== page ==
Panic at UWI!
Students unable to finance education at start of school year
BY ANIKA RICHARDS Sunday Observer staff reporter firstname.lastname@example.org
WITH the start of the 2014-2015 academic year a few days away, some tertiary level students are in panic mode.
Several of them are clueless as to how they are going to fund their studies. In fact, according to University of the West Indies, Mona Guild President Lerone Laing, some are "literally dropping out".
Minister of Education Ronald Thwaites recently disclosed that the Students' Loan Bureau, the scheme on which thousands of students depend to finance their education, is yet to identify $1 billion of the amount needed to service loan applications. This year, the SLB received approximately 15,000 applications -- 6,000 of which are new students, while the others are returning students.
"The atmosphere is one of concern among the student population, especially those who really can't afford it, which surprisingly, is more than we think," Laing told the Jamaica Observer in a recent interview. "So SLB was their only opportunity of going to school, so they are literally dropping out, they are panicking.
"I am getting emails, I am getting calls to say what can the guild do for us and I am really looking to the government department to say what can we do for this person," Laing said.
He explained that while there are students who can afford to pay their way, there are also those who cannot pay their tuition out of their pockets or out of their parents' pockets.
Laing told the Sunday Observer that he sought dialogue with the Jamaica Tertiary Education Commission, headed by former education minister Maxine Henry-Wilson, who suggested that students participate in the Jamaica Values and Attitudes programme to help offset their tuition costs. However, according to Laing, these students need more than the JAMVAT programme.
"Those are not really enough when you think about the number of students that are going to be affected by this $1-billion shortfall," Laing stressed. "Dozens of students have contacted me already that they have been denied loans... so it's really bad, it's really, really bad."
In the meantime, Laing said that UWI is encouraging students to have dialogue with the organisation to set up payment plans, which must be done by September 30.
Admitting that financing tertiary education has for some time been a challenge, Laing said that more long-term changes must be made so as to avoid a "catastrophe" in the next five years. The guild president is also calling on the Government to "stop talking and start doing.
"One of the first challenges we were having (was) how can we address that ever-increasing tuition issue, because of the budgetary constraint of the university, as well as the government subsidy being cut," stated Laing. "The projection is that if it continues to increase and if its increasing at the percentage projected, we are looking five years down the line, it's going to be a case where the average person cannot afford to go to university and I doubt that is a direction (in which) we want to go," he went on.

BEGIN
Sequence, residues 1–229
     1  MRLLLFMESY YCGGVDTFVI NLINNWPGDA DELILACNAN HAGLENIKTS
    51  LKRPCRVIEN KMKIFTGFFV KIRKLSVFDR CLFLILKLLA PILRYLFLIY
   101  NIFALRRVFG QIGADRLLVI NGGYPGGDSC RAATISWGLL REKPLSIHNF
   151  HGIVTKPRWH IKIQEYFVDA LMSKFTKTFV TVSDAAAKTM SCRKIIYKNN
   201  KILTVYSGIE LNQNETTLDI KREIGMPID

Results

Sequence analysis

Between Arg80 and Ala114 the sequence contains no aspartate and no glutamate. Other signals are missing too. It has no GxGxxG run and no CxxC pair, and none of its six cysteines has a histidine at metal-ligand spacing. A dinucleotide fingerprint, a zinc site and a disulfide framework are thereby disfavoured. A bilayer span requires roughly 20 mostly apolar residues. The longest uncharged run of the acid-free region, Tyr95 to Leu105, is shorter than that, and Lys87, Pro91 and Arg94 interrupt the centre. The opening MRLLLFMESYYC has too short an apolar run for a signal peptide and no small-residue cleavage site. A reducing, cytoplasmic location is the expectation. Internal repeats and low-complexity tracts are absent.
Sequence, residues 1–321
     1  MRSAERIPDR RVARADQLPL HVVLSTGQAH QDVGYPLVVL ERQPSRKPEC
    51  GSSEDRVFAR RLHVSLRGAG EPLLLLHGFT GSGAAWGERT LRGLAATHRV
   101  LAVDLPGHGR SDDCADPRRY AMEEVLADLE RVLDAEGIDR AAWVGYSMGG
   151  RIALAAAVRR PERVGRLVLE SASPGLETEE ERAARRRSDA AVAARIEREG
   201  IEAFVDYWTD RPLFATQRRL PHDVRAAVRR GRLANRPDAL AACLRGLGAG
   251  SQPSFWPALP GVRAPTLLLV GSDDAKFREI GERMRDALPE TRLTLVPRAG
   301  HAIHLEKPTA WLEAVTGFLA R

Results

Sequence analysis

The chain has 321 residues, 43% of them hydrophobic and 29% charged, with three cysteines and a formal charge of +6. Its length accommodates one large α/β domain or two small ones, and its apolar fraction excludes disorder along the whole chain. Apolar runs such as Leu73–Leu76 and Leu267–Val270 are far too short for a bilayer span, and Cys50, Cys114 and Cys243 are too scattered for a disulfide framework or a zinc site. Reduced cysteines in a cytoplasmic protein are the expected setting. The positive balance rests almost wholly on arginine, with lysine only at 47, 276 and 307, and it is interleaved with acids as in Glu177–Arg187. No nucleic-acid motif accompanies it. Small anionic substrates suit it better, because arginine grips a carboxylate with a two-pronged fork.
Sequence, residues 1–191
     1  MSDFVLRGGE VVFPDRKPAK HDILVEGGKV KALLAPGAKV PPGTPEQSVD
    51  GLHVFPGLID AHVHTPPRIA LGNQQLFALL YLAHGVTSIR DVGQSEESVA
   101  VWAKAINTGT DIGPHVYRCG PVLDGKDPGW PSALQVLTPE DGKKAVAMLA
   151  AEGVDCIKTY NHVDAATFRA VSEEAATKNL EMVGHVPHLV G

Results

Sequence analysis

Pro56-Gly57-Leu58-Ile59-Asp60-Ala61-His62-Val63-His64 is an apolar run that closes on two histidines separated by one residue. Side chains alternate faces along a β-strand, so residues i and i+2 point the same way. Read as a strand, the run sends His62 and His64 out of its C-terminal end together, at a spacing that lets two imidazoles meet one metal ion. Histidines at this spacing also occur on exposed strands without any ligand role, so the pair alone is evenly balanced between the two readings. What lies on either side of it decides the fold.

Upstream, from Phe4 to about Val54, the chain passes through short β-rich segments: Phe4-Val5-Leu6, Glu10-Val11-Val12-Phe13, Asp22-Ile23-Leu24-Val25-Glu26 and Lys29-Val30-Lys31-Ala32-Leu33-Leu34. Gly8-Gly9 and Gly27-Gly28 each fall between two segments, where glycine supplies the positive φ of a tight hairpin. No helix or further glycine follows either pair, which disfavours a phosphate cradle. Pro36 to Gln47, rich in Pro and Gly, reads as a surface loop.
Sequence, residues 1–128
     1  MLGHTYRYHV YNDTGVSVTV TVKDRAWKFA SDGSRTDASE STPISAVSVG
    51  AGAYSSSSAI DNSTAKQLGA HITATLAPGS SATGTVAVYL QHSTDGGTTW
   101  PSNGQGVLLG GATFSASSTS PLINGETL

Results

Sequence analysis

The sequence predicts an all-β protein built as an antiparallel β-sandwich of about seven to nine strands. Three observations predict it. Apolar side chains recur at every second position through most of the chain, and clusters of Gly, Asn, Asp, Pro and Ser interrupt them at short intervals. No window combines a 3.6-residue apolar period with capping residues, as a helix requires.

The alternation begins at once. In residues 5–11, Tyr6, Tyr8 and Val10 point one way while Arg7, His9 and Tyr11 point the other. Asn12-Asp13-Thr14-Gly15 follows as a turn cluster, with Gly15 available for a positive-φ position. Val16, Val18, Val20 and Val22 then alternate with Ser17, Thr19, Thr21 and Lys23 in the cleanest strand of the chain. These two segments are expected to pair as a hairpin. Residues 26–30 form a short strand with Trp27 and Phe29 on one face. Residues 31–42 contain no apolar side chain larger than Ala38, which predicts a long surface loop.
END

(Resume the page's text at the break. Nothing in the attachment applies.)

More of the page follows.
Laing also highlighted that there are issues with the current structure of the SLB and that studies in 2010 and 2011 had reported that, "without regular capital injection, the SLB would have challenges meeting the application numbers and affording the funding for those who apply".
"They are saying there are some restructuring the government will have to employ in order to ensure that the opportunity is there for students to access tertiary education," the St Mary High School Old Boy continued.
He said, since then, the Government has been talking a lot about financing and even announced a few measures that made it easier for students to access loans, but that the structural issues with the SLB highlighted by the studies are now being faced.
"I hear nothing coming from the Government as to what are the options for these students who are being denied loans, what are they expected to do?" Laing insisted. "They are leaving high school, some of them have subjects, CAPE subjects, they are bright students, they are qualified for university, have been accepted to university, the only thing separating them from reaching their goal is financing.
"And the government is saying to them the SLB can't give that financing, but I don't hear anything coming from them about alternatives for these students," Laing said.
"Do they seek jobs in this climate, what is it that they are expected to do?" Laing questioned.
Laing declared that the talking must stop. He also told the Sunday Observer that the UWI Mona Guild wants to lead the charge in coming up with a proposal to effect long-term changes to the system of financing tertiary education.
"There are a lot of propositions, but no action," said Laing. "So I am hoping that the Guild Council of the University of the West Indies can lead that coalition that can force the government, or encourage the government, to really begin some action with respect to the structural issues of the SLB, and the projected path of the cost of tuition, especially for university."
The president told this tabloid that he is working towards having this proposal compiled and ready for submission to Government by the end of October. He also said that other tertiary institutions and their representatives as well as the private sector will be included in the process.
"We are operating under the theme: Your guild working for you, advancing student welfare through advocacy and accountability," Laing told the Sunday Observer. "Advocacy speaks to tertiary education financing... If we don't do it, who will?" Laing said.